Gold Star Mothers

Jim Bolinger
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Gold Star Mother’s Day is the last Sunday in September as designated by Title 36, Section 111 of the United States Code.

The people of the United States are requested to display the Flag of the United States on Gold Star Mother’s Day as a public expression of love, sorrow and reverence by the people of the United States for Gold Star Mothers. The flag should be displayed with dignity and honor at full-staff. The law also requests the President of the United States make an appropriate proclamation regarding Gold Star Mother’s Day.

A gold star mother refers to those mothers whose sons or daughters have died in the line of duty in the Armed Services of our country. There is an organization called the American Gold Star Mothers, Inc that has been granted a federal charter and that these women may be eligible to join.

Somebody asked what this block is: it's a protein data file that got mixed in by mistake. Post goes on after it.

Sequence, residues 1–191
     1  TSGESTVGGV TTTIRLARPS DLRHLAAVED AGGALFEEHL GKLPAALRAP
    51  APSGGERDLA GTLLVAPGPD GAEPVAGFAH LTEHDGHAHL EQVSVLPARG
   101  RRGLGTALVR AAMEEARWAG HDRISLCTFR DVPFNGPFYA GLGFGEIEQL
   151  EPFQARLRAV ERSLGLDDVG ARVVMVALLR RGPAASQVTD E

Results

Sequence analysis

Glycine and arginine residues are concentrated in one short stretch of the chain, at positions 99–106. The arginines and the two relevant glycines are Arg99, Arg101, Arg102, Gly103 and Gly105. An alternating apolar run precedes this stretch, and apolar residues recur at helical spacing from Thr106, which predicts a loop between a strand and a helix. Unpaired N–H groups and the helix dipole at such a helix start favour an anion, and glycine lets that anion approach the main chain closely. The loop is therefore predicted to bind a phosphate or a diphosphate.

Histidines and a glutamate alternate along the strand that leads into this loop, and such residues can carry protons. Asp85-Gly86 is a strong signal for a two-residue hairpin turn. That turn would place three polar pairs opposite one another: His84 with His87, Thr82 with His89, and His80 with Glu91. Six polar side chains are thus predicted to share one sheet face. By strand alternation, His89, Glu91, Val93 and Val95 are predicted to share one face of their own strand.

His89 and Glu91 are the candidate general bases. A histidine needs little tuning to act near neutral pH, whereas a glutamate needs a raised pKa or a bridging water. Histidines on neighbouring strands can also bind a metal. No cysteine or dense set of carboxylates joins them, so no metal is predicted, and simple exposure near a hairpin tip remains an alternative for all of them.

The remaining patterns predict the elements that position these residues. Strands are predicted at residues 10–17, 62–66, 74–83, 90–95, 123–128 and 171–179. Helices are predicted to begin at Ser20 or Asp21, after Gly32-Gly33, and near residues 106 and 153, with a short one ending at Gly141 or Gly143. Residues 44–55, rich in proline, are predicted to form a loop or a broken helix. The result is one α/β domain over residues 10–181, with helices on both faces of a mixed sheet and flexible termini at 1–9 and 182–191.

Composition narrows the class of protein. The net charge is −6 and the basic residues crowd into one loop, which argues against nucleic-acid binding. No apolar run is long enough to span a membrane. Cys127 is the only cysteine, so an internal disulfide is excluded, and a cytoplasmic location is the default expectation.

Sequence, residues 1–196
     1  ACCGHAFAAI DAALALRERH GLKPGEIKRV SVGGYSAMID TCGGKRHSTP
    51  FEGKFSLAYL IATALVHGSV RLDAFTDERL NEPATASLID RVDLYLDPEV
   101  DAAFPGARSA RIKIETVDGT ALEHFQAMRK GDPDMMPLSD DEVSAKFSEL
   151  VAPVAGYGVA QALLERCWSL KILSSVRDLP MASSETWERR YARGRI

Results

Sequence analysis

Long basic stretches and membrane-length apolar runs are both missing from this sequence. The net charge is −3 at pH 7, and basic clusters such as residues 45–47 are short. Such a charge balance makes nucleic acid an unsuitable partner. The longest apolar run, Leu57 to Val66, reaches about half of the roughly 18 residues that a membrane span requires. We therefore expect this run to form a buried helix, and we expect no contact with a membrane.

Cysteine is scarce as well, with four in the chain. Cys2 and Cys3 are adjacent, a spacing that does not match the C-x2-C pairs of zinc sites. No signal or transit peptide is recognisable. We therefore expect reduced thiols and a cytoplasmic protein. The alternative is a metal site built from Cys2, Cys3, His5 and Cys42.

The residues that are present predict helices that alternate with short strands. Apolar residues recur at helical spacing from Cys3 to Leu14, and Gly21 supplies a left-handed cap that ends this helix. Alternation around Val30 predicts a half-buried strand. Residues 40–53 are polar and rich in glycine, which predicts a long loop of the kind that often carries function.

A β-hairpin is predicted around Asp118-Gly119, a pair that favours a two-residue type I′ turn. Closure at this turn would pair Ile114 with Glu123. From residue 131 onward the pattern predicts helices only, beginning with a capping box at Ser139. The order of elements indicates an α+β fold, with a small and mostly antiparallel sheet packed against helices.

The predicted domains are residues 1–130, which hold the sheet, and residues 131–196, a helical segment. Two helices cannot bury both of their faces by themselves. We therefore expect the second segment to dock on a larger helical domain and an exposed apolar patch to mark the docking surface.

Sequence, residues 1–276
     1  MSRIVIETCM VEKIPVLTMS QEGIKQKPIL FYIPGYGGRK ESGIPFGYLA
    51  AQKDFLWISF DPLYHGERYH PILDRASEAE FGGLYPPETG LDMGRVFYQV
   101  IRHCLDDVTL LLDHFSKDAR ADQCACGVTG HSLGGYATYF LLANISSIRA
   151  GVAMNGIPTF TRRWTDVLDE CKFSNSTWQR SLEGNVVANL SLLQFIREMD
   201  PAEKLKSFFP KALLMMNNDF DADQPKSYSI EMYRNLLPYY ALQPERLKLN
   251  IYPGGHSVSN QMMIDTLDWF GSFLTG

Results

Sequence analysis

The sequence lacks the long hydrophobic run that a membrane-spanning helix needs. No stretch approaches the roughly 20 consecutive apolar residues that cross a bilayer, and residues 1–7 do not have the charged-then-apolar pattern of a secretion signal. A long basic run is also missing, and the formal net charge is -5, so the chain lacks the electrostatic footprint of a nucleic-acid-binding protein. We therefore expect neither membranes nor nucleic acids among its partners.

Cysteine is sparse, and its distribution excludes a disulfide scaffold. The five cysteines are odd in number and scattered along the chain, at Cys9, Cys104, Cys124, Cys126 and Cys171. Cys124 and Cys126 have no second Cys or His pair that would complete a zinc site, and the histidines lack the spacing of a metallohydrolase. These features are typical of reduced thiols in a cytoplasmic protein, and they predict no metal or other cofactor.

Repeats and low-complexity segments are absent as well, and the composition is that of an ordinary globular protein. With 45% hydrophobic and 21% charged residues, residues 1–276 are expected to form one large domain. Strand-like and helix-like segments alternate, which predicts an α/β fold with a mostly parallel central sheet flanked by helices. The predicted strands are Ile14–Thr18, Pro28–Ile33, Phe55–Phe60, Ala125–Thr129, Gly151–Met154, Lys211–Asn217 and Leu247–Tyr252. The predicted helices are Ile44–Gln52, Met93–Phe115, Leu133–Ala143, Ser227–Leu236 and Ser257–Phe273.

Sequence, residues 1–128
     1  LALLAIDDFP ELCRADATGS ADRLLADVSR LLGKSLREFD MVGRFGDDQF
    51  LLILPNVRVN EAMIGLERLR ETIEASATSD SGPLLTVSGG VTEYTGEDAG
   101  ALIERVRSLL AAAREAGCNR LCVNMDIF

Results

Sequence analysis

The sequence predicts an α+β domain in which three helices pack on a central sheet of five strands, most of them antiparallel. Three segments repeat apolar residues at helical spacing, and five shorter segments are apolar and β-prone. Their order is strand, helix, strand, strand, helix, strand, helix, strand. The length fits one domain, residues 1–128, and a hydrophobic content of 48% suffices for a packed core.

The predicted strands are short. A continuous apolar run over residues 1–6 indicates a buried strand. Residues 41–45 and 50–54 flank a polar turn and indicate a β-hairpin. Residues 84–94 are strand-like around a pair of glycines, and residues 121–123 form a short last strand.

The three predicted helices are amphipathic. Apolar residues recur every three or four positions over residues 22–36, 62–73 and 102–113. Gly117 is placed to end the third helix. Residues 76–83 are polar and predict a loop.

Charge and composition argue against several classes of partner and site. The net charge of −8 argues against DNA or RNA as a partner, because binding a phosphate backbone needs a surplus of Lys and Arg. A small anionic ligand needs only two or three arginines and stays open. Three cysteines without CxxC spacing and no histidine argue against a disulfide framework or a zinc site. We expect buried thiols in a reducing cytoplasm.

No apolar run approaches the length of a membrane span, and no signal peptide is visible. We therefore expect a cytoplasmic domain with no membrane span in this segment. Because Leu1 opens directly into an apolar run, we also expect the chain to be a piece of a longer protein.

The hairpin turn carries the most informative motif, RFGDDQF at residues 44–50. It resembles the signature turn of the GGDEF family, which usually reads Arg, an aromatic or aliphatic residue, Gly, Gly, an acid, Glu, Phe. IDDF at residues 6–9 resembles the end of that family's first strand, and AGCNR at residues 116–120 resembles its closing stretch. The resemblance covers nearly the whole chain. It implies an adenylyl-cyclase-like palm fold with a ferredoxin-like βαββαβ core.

The term gold star mother had it origins with the service flag that dates back to 1917 and is authorized by the Department of Defense for members of the immediate family of a member of the Armed Forces of the United States. The service flag is comprised of a white rectangular field within a border of red and a blue star placed in the center of the white filed. If the individual symbolized by the blue star is killed while serving, a gold star is superimposed on the blue star – thus, the term gold star mother.

The service flag was reauthorized by the Department of Defense for use during the War on Terror. Flags International is one of only seventeen companies authorized by the Department of Defense to manufacture the Service Star Flag.

The U.S. Flag Code also states that the flag should not be flown when it is no longer a fitting emblem for display. When the flag is faded, frayed or ripped, it is not considered to be a dignified symbol of the United States; it is disrespectful to fly the U.S. Flag in such a condition. Citizens should either remove “unserviceable” flags from display or proudly fly a bright, fresh flag during such solemn observances.